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The Brown rat (Rattus norvegicus), also referred to as the common rat, street rat, sewer rat, Hanover rat, Norway rat, Norwegian rat, or wharf rat is one of the best known and most common rats.
One of the largest muroids, it is a brown or grey rodent with a body up to 25 cm (10 in) long, and a similar tail length; the male weighs on average 350 g (12 oz) and the female 250 g (9 oz).
In addition, they commonly squeak along a range of tones from high, abrupt pain squeaks to soft, persistent 'singing' sounds during confrontations.
The brown rat is a true omnivore and will consume almost anything, but cereals form a substantial part of its diet.
Bat detectors are often used by pet owners for this purpose.
In research studies, the chirping is associated with positive emotional feelings, and social bonding occurs with the tickler, resulting in the rats becoming conditioned to seek the tickling.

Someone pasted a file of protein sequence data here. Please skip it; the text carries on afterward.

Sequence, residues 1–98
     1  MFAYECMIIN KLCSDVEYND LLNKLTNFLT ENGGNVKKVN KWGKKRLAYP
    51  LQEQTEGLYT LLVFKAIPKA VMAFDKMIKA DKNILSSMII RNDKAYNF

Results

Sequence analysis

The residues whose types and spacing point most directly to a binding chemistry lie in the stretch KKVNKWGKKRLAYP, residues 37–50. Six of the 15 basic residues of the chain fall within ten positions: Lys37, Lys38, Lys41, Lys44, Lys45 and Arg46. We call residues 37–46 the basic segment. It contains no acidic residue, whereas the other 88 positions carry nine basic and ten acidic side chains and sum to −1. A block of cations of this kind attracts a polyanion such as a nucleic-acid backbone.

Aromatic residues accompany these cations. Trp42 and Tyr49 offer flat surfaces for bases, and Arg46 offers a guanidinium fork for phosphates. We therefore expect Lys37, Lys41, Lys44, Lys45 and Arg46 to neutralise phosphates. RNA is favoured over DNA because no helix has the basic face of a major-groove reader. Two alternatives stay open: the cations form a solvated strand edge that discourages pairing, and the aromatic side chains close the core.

Martin Schein, founder of the Animal Behavior Society in 1964, studied the diet of brown rats and came to the conclusion that the most-liked foods of brown rats include scrambled eggs, macaroni and cheese, raw carrots, and cooked corn kernels.
According to Schein, the least-liked foods were raw beets, peaches, and raw celery.
Brown rats are dichromates which perceive colors rather like a human with red-green colorblindness, and their colour saturation may be quite faint.
The vocalization, described as a distinct "chirping", has been likened to laughter, and is interpreted as an expectation of something rewarding.
Like most rat vocalizations, the chirping is too high in pitch for humans to hear without special equipment.
By the early to middle part of the 19th century, British academics believed that the brown rat was not native to Norway, hypothesizing (incorrectly) that it may have come from Ireland, Gibraltar or across the English Channel with William the Conqueror.
"Now there is a mystery about the native country of the best known species of rat, the common brown rat.